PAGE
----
Taylor Swift Changes The ‘Bed’ Line In New ‘Better Than Revenge’

by info.vocallyrics@gmail.com

leading the release”Speak Now (Taylor’s Version)One of the hottest speculation topics among Taylor Swift Fans and observers were skeptical about whether he could change a certain line in “Better Than Revenge,” which some felt was not so old since the original recording was released in 2010. The guess was spot on: He indeed rewrote the aforementioned promise for the 2023 version.

One diss phrase that should be particularly quoted over the last 13 years was: “He’s more known for the things he does on the mattress.” In “Better Than Revenge (Taylor’s Version)” the following line was rewritten: “He was the fire moth, he was holding the matches.”

“Matches” is a less perfect rhyme than “bed” for the matching line “She’s an actress” (thought to be the real-life profession of the woman Swift wrote the song about at the time). But changed line spouse A better match for her feminist credentials as an adult, because in her later years she spoke often about how women’s dating lives, including her own, should not be judged.

While Swift didn’t give any hints about a change ahead of the new “Speak Now,” which was officially announced at midnight ET on Thursday night, the transition didn’t come as a surprise. In the weeks before its release, thousands of social media posts and even some long thoughts were devoted to whether or not to rewrite the line that many now see as anti-feminist or “slut humiliation”. While many argued that the 33-year-old Swift should offer a more progressive view of female sexuality than when she wrote the song when she was 19 or 20, others argued that the lyrics should be preserved as they were written.

Confirmation of the rewritten lyrics spread widely on Thursday afternoon as several fans received early copies of “Speak Now” and shared screenshots of the lyrics page. The Swifties’ initial reactions on social media looked like they were split in the middle, with some worried they’d have to disobey orders and pull out old Big Machine copies to enjoy their favorite as they remember it.

Rolling Stonessayist Larisa Paul took this view in part when she wrote in May: “To change the past now, or to use it to make a major feminist statement, not only feels dishonest, but also compromises the goal of consuming all of its value after it has been scattered and sold without permission. From the original recordings, the author advocated keeping the song as historically envisioned as “a pivotal point in Swift’s complex journey to understanding intersectional feminism.”

But for most Swifties, the idea that lyrics would be updated was a fait accompli. That hasn’t stopped many of them from creating memes about how devastated they are about change—but, to be fair, most of them seemed like playful statements about their commitment to nostalgia, not serious criticism. key. (Scroll down to see some of the funnier GIFs that reflect the mixed feelings of fans.)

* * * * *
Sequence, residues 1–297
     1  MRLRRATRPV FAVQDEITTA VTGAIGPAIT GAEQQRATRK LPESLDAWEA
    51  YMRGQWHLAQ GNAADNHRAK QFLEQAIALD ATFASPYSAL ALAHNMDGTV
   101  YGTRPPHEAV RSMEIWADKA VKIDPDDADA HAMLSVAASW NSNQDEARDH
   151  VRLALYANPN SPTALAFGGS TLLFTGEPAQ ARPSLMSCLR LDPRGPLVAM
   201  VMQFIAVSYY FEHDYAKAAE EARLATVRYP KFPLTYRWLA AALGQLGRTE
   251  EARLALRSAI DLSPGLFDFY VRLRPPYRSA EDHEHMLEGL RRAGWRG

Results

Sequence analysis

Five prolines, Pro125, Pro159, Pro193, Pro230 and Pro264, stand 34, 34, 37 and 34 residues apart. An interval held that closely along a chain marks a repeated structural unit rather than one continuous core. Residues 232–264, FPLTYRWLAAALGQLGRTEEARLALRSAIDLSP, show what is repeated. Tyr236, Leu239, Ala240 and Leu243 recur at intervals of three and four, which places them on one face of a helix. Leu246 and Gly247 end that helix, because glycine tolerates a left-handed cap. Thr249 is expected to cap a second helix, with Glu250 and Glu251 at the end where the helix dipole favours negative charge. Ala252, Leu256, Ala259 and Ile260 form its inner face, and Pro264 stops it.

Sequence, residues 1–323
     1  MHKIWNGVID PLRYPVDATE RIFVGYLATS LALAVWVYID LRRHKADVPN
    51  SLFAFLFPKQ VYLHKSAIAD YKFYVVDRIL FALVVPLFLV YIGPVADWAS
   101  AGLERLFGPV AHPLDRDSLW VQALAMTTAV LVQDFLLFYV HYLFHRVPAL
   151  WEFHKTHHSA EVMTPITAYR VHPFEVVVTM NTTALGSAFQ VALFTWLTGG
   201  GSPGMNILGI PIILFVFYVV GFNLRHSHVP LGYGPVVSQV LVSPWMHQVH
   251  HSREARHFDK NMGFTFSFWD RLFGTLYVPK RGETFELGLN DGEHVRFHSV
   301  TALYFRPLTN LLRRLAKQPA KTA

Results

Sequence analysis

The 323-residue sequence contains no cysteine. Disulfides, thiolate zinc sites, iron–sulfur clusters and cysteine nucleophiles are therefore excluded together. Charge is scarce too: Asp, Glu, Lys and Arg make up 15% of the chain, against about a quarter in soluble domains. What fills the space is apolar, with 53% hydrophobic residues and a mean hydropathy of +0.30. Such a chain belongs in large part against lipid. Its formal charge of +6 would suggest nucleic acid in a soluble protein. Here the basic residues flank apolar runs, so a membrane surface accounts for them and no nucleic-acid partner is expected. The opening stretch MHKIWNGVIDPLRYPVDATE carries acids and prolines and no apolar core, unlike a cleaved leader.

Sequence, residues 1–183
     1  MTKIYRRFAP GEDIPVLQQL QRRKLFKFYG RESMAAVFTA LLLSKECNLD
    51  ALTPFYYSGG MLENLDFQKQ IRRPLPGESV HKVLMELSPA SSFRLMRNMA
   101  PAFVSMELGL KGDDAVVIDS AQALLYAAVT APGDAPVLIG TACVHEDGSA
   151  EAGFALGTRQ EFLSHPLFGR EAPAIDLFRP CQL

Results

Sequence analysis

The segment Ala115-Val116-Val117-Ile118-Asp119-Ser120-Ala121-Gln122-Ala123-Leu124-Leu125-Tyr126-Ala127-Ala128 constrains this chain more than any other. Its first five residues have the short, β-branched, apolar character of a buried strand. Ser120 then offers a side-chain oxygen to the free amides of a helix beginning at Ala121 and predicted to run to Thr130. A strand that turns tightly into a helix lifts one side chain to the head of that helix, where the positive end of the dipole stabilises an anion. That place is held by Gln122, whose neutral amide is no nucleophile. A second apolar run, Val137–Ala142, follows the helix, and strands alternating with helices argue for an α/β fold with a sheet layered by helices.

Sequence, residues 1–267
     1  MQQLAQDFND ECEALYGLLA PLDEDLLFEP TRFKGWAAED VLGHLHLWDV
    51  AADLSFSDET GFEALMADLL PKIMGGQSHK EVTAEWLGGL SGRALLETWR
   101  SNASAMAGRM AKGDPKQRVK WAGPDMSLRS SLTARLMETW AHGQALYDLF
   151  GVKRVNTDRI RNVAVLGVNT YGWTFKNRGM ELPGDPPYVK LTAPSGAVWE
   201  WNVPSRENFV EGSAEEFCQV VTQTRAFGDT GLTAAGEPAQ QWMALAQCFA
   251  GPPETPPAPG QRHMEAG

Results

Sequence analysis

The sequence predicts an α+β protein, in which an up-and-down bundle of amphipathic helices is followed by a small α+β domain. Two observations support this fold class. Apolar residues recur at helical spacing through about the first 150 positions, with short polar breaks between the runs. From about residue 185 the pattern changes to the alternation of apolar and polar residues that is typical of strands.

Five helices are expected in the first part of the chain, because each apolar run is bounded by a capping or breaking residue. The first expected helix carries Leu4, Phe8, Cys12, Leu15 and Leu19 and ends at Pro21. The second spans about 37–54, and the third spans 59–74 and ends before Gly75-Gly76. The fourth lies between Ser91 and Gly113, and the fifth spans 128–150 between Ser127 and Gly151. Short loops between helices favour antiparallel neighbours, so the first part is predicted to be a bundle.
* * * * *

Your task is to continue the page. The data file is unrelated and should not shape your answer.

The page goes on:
Swift wrote a lengthy “prologue” included in the “Speak Now (Taylor’s Version)” package, but doesn’t mention “Better Than Revenge” and the singer didn’t do any interviews to talk about the new release – the third. In a series of six re-records of the Big Machine catalog.

This isn’t the first time Swift has reviewed a lyric she wrote when she was younger and has been questioned later, but that will take longer. The original version of “Picture to Burn” from his 2006 self-titled debut album featured a 16-year-old song: “So go and tell your friends I’m obsessed and crazy / It’s okay, I’ll tell mine you’re gay by the way. When a pop remix was sent to the radio and the original was replaced by a deluxe version of the album, the couplet was changed to: “…it’s okay, by the way, you’d be fine with me saying it.” Avoiding the image of homophobia has made it that much simpler, even today some of Swift’s LGBTQ fans say they think the original is fine.

When it comes to “Better Than Revenge”, Swift and her tour mate Hayley Williams of Paramore have something in common. In 2018, Williams announced that she would stop performing her group’s biggest hit, “Misery Business,” because she had a line she wrote as a teenager that was called “misogynistic”: “Once you’re a whore, you’re nothing.” However, in 2022, she changed her mind and started playing the line again, even though the crowd understood it, although she avoided saying it herself.

There’s a long history of artists replacing controversial lines that were seen as insensitive – including the last one last year when both Beyonce and Lizzo re-released their summer albums with a word that refers to physical disabilities but is used sparingly as slang. Black Eyed Peas released it, and then he remembered a song with a different slang for the mentally handicapped in its title, and the revised tune became a hit. Elvis Costello announced that he would stop playing the politically ironic N-word song “Oliver’s Army” instead of continuing to sing a self-censored version, but this year he introduced a new version at a concert. Including an entirely new verse.

As Swift continues to re-record old albums, one thing is certain: In this “Taylor’s Versions,” the topic of being gay will be featured in “1989s” “Welcome to New York” in her revised catalog for the first time. Negative “Burn pictures.”

Here are some reactions from Swifties as they humorously address the stages of grief at realizing that an old favorite song has bitten the dust:

You may also like

Leave a Comment